About The Artist
Charles Elza, a comedian and soft shoe dancer, was generally known on stage as "Kentucky Slim" and less often as the "Little Darlin.' "
Over a long career, he began as a blackface comedian, but changed with the times. From minstrel and medicine shows, he worked with such country artists as Roy Acuff, Manuel "Old Joe" Clark, Carl Story, Esco Hankins, Hylo Brown, and the Stanley Brothers. His career peaked during his time with Lester Flatt and Earl Scruggs in the middle and late 1950s.
A native of Harlan County, Kentucky, Elza went to work in the coal mines where he made the acquaintance of another miner, Cas Walker. The latter soon left the mines to go to Knoxville where he eventually bought a grocery store which he expanded into a large regional chain, built in part on country music programs he sponsored on radio and later television.
Slim also moved to Knoxville and worked in medicine shows and worked with Roy Acuff and his Crazy Tennesseeans. When Acuff moved to Nashville, Elza formed an act with Manuel Clark, going with him to Knoxville then briefly to Atlanta, back to Knoxville and then to Renfro Valley where "Old Joe" Clark eventually became an institution.
Later "Kentucky Slim" worked with Carl Story and Esco Hankins for sufficient periods of time, retaining much of the non-racial comedy in his act. Although nearly seven feet tall and weighing about 275 pounds, he was amazingly light on his feet as illustrated by his so-called "pork chop dance."
In the mid-fifties he joined Flatt and Scruggs where his popularity hit its zenith. Flatt usually referred to him as the Little Darlin' rather than his usual nickname as did Hylo Brown with whom he also worked during their association with Martha White Flour.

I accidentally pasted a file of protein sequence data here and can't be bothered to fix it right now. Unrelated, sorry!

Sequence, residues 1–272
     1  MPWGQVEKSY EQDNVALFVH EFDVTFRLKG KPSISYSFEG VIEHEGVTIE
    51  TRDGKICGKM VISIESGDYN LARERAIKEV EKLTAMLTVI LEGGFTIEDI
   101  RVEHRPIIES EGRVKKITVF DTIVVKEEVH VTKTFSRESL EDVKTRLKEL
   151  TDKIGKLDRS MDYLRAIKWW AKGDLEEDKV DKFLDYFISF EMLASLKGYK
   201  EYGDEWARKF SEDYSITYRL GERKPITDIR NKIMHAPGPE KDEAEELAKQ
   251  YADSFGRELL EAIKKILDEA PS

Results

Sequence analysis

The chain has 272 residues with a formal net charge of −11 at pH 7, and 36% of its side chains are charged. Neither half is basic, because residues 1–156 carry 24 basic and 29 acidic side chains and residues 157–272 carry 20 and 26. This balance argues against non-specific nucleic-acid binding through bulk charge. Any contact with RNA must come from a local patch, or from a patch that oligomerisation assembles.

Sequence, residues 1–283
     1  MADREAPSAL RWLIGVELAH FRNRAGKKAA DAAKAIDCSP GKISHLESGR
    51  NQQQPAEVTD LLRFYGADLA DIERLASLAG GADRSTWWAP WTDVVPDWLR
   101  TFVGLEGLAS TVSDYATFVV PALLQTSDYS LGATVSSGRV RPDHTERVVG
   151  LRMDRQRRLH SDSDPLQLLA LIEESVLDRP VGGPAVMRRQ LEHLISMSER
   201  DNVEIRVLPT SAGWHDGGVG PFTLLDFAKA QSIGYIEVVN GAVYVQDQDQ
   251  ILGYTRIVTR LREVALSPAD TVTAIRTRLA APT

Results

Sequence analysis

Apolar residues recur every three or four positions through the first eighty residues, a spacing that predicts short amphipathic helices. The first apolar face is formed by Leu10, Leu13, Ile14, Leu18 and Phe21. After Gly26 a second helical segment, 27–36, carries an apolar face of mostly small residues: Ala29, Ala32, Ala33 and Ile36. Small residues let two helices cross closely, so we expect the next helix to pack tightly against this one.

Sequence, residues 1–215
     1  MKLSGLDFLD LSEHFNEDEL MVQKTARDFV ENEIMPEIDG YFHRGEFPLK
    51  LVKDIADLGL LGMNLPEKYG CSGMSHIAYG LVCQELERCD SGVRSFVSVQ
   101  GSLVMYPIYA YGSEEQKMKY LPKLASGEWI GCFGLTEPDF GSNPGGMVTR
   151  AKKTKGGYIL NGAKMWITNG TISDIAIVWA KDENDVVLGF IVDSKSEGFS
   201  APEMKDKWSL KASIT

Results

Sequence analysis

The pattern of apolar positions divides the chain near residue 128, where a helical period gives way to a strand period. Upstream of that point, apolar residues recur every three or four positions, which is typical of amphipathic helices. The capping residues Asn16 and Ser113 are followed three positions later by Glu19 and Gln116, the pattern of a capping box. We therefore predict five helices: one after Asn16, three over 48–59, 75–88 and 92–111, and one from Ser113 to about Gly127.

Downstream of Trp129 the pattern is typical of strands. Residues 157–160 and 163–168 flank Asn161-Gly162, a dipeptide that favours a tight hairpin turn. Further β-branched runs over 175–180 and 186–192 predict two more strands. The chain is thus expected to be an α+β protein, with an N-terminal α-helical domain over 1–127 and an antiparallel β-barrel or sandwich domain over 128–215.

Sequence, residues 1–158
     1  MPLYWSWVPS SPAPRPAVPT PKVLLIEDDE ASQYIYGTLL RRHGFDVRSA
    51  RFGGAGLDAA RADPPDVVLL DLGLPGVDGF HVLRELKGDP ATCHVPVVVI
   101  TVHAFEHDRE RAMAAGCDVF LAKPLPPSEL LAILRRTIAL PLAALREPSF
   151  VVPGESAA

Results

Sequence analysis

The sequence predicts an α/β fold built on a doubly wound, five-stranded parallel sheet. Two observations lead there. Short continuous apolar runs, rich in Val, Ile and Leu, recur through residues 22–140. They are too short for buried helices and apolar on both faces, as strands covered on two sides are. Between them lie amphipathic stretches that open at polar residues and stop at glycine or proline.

On July 8, 1956, Kentucky Slim was with the Flatt and Scruggs troupe when they performed at Centennial Park as part of the Sunday Park Concert series in Nashville. A picture notes he did a soft shoe tap dance routine in addition to his comedy role.
In 1959, Bert Vincent in his "Strolling" column in the Knoxville News-Sentinel used an inquiry by a reader about the tune "Knoxville Girl" to recall a memory of how Kentucky Slim sang it. The reader wanted to know if it was a true story, but Burt did not seem to have a clear answer. But he noted that Kentcky Slim used to sing the tune on the WNOX Merry-Go-Round show. Burt noted, "(Kentucky Slim) sang it sad, sad. He'd pull off his hat and even cry a little as he intoned the gory words and mournful tune."
Slim left the road for a time, but later worked some with the Stanley Brothers while they were in Live Oak, Florida. Thereafter, he returned to Knoxville and worked as a house painter until he retired.
He made limited appearances such as the 1982 Knoxville World's Fair which paid tribute to Knoxville's country music pioneers. He also sometimes attended shows at Dave's Music Barn and at the celebrations associated with the Museum of Appalachia in Norris, Tennessee. Ironically, Slim never made any recordings as far as is known.
He died a few weeks before his eighty-fourth birthday.
Credits & Sources
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